Image Grading
Each eye was imaged with color fundus photography, FA, ICGA, SD-OCT, and SS-OCT-A during the same visit. A qualitative analysis and comparisons of the entire imaging data set were conducted. Color fundus photos were used to grade for the presence of large drusen (soft distinct or soft indistinct drusen with diameter ≥125 μm). Indocyanine green angiography images were used to evaluate presence of vascular network vessels (nonexudative neovascularization), CVH, and presence of pachyvessels. On ICGA, the eyes were diagnosed with CNV when they exhibited focal choroidal hyperfluorescence (plaque) in late frame of ICGA with or without clear evidence of neovascular networks (Figs. 115523). Choroidal vascular hyperpermeability was characterized by multifocal choroidal hyperfluorescence with blurred margins, and dilated and hyperpermeable choroidal blood vessels, or pachyvessels. Pachyvessels were best visualized in the early to mid phase ICGA images. Cross-sectional SD-OCT was used to measure central choroidal thickness23 and was also used to evaluate the presence of drusen, reticular pseudodrusen (RPD), and pachyvessels. Subfoveal choroidal thickness (CT) was measured using the built-in measuring tool of the SD-OCT. Pachyvessels in the current study were defined as dilation of luminal area with/without a concomitant thinning of the overlying choroicapillaris layer. En face SS-OCT-A was used to access the presence of flow signals or neovascular tissue in the plane above Bruch's membrane. Automated segmentation was used for the analysis and when automated segmentation failed to show flow signals, the area of segmentation was manually adjusted until the tissue of interest was visualized. On OCT-A, the eyes were diagnosed with CNV when the scans of the outer retinal layer, where flow signals are normally absent, showed a vascular network (Figs. 115523). In cases where outer retinal slabs showed faint flow signal of neovascularization, choroidal slab was also used as a reference. On choriocapillaris slab, OCT-A images were inspected especially focusing on aberrant flow. Swept-source OCT-A volumes of the outer choroid were inspected for the presence of pachyvessels. Characteristic features of pachyvessels included dilated outer choroidal vessels, which retain a large caliber as they traverse the macula and/or club-shaped posterior terminal morphology of the choroidal vessels.16 Pachychoroid pigment epitheliopathy was diagnosed based on the report by Freund and colleagues.18 All images were evaluated by three retinal specialists (YY, AM, and GC) independent of conventional angiography and masked to fellow eye diagnosis of tAMD and PCV. In case of discordance, the results were adjudicated by a senior retinal specialist (GC).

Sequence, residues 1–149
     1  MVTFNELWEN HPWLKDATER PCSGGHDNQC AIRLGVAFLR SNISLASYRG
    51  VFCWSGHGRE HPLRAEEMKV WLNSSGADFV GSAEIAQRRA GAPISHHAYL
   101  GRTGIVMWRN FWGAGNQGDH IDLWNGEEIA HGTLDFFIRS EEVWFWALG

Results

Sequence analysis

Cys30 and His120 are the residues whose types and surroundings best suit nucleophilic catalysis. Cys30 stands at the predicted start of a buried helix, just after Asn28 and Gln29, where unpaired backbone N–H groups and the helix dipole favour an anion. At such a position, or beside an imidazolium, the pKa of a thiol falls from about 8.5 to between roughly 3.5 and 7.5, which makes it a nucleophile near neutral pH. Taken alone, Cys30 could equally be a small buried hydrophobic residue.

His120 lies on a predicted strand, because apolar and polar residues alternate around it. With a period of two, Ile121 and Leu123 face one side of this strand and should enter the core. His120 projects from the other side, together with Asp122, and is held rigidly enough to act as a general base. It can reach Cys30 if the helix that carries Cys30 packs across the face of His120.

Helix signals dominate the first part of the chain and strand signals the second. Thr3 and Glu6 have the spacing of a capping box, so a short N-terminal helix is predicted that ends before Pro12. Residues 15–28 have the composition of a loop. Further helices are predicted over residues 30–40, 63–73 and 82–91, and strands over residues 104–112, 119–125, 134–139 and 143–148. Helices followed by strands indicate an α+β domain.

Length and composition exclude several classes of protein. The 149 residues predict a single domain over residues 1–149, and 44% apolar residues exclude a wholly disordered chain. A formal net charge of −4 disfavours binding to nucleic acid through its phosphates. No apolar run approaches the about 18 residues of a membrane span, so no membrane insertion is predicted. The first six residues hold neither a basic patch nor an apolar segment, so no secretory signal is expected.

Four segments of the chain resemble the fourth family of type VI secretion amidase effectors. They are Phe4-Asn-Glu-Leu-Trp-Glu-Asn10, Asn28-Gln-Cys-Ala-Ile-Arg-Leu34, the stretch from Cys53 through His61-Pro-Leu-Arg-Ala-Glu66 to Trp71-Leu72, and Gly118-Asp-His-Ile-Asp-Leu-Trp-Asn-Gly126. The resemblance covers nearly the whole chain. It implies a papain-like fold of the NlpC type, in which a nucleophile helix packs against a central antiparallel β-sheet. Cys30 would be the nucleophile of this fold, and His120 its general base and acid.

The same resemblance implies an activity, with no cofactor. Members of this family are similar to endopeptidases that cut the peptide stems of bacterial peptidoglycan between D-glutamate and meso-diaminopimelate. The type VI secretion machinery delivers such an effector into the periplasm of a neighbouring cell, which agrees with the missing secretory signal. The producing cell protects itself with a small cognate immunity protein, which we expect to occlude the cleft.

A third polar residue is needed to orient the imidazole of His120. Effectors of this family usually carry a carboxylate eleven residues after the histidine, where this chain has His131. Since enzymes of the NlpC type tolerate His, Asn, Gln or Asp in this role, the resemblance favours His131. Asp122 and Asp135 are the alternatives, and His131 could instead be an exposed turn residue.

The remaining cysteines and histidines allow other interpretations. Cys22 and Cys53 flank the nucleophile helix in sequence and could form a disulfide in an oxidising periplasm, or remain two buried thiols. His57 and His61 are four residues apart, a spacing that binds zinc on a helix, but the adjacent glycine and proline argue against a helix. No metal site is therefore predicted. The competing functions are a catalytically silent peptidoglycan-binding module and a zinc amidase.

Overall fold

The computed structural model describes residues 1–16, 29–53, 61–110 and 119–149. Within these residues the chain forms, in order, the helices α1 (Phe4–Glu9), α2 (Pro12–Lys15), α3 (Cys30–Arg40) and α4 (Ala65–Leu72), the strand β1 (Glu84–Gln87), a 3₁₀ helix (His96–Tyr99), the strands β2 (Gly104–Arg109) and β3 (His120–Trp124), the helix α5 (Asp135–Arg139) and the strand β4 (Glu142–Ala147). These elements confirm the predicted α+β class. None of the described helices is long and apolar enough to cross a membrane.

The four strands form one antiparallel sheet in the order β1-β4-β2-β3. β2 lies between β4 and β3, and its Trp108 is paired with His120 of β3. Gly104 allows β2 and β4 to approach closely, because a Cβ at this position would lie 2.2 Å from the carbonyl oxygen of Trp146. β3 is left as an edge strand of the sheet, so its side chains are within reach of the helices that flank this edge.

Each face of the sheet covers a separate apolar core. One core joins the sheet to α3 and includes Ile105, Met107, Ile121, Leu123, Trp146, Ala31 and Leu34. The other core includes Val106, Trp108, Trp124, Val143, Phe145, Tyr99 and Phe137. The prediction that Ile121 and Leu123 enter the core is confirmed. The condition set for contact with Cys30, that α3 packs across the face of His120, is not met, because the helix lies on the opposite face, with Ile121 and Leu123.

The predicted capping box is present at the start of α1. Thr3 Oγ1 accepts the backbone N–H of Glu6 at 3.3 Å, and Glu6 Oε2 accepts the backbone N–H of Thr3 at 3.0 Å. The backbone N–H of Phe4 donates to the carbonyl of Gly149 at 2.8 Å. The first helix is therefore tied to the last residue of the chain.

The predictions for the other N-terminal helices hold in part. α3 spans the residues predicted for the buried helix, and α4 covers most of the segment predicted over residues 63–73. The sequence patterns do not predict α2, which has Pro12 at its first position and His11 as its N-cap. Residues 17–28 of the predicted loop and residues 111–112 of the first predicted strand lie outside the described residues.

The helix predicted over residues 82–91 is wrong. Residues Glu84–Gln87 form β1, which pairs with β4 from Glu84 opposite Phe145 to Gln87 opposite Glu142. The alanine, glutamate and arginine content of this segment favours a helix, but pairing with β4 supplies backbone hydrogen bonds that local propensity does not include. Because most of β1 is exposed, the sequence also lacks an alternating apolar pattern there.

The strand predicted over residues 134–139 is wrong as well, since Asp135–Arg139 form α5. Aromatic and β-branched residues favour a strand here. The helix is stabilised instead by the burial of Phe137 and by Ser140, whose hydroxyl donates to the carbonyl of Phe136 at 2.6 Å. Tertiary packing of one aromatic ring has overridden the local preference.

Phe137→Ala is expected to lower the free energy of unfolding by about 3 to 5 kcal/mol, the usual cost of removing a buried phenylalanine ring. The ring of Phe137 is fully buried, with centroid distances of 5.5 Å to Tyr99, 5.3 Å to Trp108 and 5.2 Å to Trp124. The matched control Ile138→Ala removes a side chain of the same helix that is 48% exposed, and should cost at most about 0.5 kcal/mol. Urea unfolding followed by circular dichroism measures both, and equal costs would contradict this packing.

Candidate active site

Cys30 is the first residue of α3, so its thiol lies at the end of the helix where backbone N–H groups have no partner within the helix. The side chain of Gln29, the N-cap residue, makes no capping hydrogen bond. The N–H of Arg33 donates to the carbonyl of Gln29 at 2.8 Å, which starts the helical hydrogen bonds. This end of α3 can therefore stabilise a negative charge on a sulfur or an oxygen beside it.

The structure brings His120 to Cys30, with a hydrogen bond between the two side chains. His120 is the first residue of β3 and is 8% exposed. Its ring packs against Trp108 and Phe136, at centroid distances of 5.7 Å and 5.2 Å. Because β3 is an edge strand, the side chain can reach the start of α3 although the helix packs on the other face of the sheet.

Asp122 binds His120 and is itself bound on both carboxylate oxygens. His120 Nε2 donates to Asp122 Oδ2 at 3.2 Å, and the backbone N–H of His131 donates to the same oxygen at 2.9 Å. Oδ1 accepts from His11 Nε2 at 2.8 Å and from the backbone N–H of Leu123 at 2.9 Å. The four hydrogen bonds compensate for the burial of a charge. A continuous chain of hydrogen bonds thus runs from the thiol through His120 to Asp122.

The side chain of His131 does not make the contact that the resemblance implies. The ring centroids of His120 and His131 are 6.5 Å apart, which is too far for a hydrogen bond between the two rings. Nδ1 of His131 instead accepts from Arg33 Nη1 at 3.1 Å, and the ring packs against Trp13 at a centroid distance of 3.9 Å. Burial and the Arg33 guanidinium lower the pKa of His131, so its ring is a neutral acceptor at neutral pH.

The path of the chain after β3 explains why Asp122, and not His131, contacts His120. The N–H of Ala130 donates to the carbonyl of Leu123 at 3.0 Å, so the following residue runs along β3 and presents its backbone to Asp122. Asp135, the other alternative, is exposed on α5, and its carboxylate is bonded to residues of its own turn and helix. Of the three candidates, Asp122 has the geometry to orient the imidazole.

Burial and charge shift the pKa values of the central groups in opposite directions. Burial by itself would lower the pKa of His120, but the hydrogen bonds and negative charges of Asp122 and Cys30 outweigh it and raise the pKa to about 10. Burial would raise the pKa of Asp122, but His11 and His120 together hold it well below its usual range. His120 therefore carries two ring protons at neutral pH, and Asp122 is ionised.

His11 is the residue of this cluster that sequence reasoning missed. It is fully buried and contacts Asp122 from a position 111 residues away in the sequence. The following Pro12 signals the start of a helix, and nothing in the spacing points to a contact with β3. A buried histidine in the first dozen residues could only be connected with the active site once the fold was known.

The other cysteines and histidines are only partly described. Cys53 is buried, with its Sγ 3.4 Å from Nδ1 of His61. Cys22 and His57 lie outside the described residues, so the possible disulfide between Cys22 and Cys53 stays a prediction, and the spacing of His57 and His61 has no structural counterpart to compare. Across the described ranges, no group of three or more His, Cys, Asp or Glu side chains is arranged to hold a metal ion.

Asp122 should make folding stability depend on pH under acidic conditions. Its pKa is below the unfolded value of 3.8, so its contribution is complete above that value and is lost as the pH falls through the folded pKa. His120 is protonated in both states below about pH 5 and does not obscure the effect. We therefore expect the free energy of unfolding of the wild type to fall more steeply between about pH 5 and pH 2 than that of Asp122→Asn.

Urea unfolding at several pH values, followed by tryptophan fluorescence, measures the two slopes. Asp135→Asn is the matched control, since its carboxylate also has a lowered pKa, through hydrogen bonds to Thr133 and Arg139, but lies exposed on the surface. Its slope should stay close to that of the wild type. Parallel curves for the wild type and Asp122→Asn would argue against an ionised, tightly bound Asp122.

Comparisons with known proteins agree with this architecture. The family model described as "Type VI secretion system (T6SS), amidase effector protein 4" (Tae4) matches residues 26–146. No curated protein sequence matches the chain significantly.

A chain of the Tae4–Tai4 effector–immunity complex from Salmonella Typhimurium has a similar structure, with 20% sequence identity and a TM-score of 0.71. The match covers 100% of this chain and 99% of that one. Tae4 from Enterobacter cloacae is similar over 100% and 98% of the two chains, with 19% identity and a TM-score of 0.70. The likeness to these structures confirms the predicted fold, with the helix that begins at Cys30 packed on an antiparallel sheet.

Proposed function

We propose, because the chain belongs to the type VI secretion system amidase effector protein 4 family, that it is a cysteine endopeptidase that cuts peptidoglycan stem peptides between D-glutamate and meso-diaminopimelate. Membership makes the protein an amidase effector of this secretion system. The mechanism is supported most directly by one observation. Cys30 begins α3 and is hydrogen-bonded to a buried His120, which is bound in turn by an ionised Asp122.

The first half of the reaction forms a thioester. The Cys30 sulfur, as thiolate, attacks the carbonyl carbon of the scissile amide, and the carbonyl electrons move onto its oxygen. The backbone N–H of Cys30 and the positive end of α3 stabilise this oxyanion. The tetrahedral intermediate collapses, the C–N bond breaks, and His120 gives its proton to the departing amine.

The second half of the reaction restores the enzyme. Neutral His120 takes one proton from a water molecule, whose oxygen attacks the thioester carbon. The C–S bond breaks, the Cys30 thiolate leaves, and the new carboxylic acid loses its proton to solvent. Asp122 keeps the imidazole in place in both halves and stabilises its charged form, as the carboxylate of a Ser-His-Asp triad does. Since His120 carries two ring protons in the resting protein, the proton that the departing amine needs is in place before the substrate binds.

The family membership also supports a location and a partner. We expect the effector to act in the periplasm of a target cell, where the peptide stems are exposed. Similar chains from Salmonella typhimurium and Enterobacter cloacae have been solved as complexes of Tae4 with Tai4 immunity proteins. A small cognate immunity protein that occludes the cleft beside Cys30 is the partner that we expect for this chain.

Figure 1
 
Nonexudative neovascularization visualized with both ICGA and OCT-A. Optical coherence tomography angiography shows flow signals from nonexudative neovascularization using the outer retinal slab (top panels). Cross-sectional OCT scan through the foveal center of the left (case1) right (cases 2 and 3) eye shows undulation of the RPE line. Nonexudative neovascularization is also visualized by ICGA (bottom panels). Neovascularization is evidenced by the presence of abnormal branching vascular network in the early frame of ICGA
Figure 1
 
Nonexudative neovascularization visualized with both ICGA and OCT-A. Optical coherence tomography angiography shows flow signals from nonexudative neovascularization using the outer retinal slab (top panels). Cross-sectional OCT scan through the foveal center of the left (case1) right (cases 2 and 3) eye shows undulation of the RPE line. Nonexudative neovascularization is also visualized by ICGA (bottom panels). Neovascularization is evidenced by the presence of abnormal branching vascular network in the early frame of ICGA
Figure 2
 
Nonexudative neovascularization visualized with ICGA but not with OCT-A. (A) Fundus photograph show pigmentary lesion superior and temporal to the foveal center of the right eye (arrows). (B) Nonexudative neovascularization visualized by ICGA. Neovascularization is evidenced by focal area of hyperfluorescence in the late frame of ICGA. (C) Cross-sectional OCT scan through the foveal center of the right eye shows undulation of the RPE line and concomitant thickening of the choroid. The innermost layer of the choroid is attenuated. (D) Optical coherence tomography angiography. En face OCT-A images using outer retinal slab (upper panel), choroidal slab (middle panel), and composite color-coded image (lower panel) are shown. Optical coherence tomography angiography failed to provide clear visualization of the neovascularization in the outer retinal slab. Middle panel shows pachyvessels in the outer choroid.
Figure 2